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Bear market alert: five critical signs

JP Morgan global market strategist Mike Bell highlights five crucial warning signs the bear market could be on its way.

What's in the tea leaves

With the FTSE giving up all its gains for this year after Theresa May's shock decision to call a snap-election and French elections around the corner, how fearful should investors be?

Prior the recent volatility, shares continued to ratchet higher in what is an aging bull market. While they could keep on rising, some investors fear that the age of this recovery is increasing the probability of a bear market in the near term, notes JP Morgan Global Market strategist Mike Bell (pictured).

'With the so-called "Trump trade" waning and US equities in particular looking expensive, it may be only natural for investors to consider taking profits,' Bell adds.

However, he warns that prematurely giving up on the bull market could be costly in terms of lost upside potential.

So what should one look for in the tea leaves as warning signs the next bear market is coming? Bell highlights five US-centric charts - which are also very relevant for Europe - as crucial indicators.

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What's in the tea leaves

With the FTSE giving up all its gains for this year after Theresa May's shock decision to call a snap-election and French elections around the corner, how fearful should investors be?

Prior the recent volatility, shares continued to ratchet higher in what is an aging bull market. While they could keep on rising, some investors fear that the age of this recovery is increasing the probability of a bear market in the near term, notes JP Morgan Global Market strategist Mike Bell (pictured).

'With the so-called "Trump trade" waning and US equities in particular looking expensive, it may be only natural for investors to consider taking profits,' Bell adds.

However, he warns that prematurely giving up on the bull market could be costly in terms of lost upside potential.

So what should one look for in the tea leaves as warning signs the next bear market is coming? Bell highlights five US-centric charts - which are also very relevant for Europe - as crucial indicators.

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Chart 1: Jobless claims

'This chart shows the relationship between US initial jobless claims (the number of people who lost their job and filed for unemployment benefits for the first time, during the past week) and the S&P 500, the main index for US shares.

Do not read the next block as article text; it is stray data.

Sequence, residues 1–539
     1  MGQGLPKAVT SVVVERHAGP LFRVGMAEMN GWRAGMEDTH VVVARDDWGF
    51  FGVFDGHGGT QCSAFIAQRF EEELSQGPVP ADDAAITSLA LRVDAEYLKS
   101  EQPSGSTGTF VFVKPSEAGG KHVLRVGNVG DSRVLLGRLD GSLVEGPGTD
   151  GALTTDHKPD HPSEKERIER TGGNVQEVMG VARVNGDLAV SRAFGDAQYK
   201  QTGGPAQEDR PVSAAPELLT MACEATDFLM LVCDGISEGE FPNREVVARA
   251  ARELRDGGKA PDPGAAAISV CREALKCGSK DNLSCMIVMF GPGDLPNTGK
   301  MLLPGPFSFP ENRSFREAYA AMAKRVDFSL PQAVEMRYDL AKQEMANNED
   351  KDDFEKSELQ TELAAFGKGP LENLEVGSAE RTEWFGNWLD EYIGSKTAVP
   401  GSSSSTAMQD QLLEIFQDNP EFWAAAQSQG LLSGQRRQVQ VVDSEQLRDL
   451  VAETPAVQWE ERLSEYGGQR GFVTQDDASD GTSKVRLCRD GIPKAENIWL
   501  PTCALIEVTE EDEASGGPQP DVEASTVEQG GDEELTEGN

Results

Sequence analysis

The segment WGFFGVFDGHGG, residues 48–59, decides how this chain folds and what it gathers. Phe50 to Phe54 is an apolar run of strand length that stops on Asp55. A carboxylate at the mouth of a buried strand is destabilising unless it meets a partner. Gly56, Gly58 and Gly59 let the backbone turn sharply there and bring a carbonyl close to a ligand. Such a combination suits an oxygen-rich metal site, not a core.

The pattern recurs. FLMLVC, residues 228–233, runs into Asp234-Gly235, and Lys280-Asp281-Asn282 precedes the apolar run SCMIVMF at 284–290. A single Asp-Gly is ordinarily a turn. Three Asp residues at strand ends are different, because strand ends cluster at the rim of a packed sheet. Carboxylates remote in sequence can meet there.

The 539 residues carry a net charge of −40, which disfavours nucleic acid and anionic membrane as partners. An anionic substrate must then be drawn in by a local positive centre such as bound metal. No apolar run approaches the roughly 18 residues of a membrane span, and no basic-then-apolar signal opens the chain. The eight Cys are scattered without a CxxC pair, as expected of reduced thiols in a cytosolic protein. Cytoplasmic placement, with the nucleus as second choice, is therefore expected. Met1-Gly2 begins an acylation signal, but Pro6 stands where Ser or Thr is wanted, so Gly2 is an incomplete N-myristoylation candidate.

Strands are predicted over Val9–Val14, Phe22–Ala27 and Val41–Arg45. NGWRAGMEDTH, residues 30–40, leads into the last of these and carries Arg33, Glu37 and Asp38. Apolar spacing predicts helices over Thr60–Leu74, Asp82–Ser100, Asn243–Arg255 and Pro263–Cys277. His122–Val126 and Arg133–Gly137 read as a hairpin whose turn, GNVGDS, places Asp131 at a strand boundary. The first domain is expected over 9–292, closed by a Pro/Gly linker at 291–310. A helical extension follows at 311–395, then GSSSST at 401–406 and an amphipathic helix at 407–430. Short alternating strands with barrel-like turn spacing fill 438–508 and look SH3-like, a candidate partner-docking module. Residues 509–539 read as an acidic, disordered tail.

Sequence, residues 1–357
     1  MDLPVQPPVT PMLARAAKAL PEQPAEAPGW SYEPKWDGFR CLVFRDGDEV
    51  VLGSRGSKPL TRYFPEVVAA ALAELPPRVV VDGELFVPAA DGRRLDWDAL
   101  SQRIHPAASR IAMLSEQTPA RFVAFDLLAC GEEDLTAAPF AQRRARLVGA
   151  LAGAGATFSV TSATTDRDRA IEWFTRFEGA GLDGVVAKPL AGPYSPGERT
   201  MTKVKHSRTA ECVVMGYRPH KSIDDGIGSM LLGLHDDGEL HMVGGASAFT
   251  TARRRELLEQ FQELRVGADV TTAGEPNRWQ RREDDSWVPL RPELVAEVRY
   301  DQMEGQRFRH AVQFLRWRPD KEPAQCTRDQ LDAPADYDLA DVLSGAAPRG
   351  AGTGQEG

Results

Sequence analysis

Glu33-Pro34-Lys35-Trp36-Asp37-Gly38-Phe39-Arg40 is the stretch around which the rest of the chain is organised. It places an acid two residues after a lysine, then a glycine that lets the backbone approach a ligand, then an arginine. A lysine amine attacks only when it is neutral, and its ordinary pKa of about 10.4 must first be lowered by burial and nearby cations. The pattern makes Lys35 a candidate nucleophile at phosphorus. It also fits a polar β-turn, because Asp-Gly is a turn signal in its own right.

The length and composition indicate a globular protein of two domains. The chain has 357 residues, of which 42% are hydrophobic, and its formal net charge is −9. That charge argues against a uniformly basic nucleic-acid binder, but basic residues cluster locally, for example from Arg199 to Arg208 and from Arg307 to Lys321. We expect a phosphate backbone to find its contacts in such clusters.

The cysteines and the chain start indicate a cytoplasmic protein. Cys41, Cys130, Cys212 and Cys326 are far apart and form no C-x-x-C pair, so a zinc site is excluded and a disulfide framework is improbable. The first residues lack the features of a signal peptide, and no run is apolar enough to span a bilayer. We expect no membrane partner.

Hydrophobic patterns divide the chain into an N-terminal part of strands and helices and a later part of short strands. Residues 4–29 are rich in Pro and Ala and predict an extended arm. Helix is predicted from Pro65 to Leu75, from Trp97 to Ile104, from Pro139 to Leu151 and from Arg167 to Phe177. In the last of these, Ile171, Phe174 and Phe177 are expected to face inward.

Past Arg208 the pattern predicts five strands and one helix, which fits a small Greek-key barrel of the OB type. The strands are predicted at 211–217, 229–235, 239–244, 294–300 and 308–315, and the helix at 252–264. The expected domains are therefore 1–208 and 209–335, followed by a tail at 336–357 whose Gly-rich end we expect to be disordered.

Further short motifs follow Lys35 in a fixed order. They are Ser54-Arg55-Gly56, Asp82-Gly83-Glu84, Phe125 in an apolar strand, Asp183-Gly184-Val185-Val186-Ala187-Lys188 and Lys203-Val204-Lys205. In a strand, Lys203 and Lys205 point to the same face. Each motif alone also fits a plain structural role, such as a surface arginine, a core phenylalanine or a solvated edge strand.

'Going back to the 1990s, there is a very tight pattern – shares go downwards as the trend in initial jobless claims rise. Job losses are bad for confidence and the economy and shares quickly feel the impact.

'Importantly, the US initial jobless claims have historically functioned as an early signal that it could be time to sell, but as we can see in the most recent data, there are no signs of any trouble or change in direction of the downward trend, which could mean continued smooth sailing for shares.'

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Chart 2: Consumer confidence

'Look for another warning sign that it might be time to cash out in the form of the resilience of US consumer confidence, which is a closely followed barometer of consumer attitudes measuring confidence towards business conditions, short-term economic outlook, personal finances and jobs.

'Here we have another tight historical correlation with the S&P 500, suggesting that levels of consumer confidence will act as a powerful selling signal if we should get a significant dip.

'However, US consumer confidence has been soaring, jumping in March to its highest level since December 2000. With Americans only growing more upbeat about present and future conditions, there are no warning signs here for an imminent sell-off.'

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Chart 3: Manufacturing

'Third on our list of market correction watch list indicators is the US ISM Manufacturing PMI. This indicator is based on a survey of private companies that acts as a gauge for the economic health of the manufacturing sector, which is an important driver behind economic growth.

'The ISM PMI looks at major factors like new orders, inventory levels, production, supplier deliveries and the employment environment, making it a useful snapshot of US economic health. Importantly, the US ISM Manufacturing PMI has a history of predicting the direction of the S&P 500 index, as shown below.